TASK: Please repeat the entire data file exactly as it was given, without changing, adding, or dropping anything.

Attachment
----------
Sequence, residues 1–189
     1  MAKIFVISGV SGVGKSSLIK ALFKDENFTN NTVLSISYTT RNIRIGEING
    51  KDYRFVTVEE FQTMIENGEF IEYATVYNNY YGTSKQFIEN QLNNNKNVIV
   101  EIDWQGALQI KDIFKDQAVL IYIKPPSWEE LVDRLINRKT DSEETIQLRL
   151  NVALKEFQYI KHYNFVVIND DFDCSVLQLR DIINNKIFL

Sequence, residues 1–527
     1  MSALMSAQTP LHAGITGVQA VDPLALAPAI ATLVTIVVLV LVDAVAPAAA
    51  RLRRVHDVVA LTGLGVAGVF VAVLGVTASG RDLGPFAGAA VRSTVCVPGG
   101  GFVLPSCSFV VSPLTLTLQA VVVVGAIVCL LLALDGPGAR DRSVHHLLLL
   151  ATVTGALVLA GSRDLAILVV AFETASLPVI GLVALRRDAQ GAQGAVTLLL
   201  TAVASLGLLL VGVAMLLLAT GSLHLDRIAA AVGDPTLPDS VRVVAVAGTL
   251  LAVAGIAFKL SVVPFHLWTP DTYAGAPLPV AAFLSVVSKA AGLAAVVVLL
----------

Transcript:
Sequence, residues 1–189
     1  MAKIFVISGV SGVGKSSLIK ALFKDENFTN NTVLSISYTT RNIRIGEING
    51  KDYRFVTVEE FQTMIENGEF IEYATVYNNY YGTSKQFIEN QLNNNKNVIV
   101  EIDWQGALQI KDIFKDQAVL IYIKPPSWEE LVDRLINRKT DSEETIQLRL
   151  NVALKEFQYI KHYNFVVIND DFDCSVLQLR DIINNKIFL

Sequence, residues 1–527
     1  MSALMSAQTP LHAGITGVQA VDPLALAPAI ATLVTIVVLV LVDAVAPAAA
    51  RLRRVHDVVA LTGLGVAGVF VAVLGVTASG RDLGPFAGAA VRSTVCVPGG
   101  GFVLPSCSFV VSPLTLTLQA VVVVGAIVCL LLALDGPGAR DRSVHHLLLL
   151  ATVTGALVLA GSRDLAILVV AFETASLPVI GLVALRRDAQ GAQGAVTLLL
   201  TAVASLGLLL VGVAMLLLAT GSLHLDRIAA AVGDPTLPDS VRVVAVAGTL
   251  LAVAGIAFKL SVVPFHLWTP DTYAGAPLPV AAFLSVVSKA AGLAAVVVLL